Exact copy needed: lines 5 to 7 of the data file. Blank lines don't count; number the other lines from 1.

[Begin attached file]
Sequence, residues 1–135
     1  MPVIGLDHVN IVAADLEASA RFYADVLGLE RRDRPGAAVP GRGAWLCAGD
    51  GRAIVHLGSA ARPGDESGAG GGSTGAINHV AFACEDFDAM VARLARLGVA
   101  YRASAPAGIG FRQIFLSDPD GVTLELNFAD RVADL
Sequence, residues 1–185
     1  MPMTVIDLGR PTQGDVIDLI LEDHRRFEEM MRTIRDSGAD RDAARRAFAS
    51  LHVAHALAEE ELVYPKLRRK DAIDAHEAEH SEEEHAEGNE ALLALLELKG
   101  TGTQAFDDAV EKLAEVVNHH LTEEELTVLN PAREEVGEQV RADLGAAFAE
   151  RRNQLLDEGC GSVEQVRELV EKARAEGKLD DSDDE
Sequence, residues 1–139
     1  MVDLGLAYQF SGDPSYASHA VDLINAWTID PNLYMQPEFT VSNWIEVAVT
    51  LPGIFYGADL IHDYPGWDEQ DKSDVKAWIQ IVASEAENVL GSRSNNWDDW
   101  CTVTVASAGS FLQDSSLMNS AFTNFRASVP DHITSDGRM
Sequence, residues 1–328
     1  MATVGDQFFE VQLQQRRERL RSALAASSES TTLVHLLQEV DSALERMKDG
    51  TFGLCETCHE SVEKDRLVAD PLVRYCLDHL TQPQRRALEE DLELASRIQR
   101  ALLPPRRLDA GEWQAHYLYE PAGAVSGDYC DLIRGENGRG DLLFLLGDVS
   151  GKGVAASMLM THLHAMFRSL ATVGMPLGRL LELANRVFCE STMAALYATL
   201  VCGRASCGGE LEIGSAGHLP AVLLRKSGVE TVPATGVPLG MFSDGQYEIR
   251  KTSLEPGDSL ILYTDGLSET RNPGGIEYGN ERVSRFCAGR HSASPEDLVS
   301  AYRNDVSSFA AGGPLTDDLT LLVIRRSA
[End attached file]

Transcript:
Sequence, residues 1–185
     1  MPMTVIDLGR PTQGDVIDLI LEDHRRFEEM MRTIRDSGAD RDAARRAFAS
    51  LHVAHALAEE ELVYPKLRRK DAIDAHEAEH SEEEHAEGNE ALLALLELKG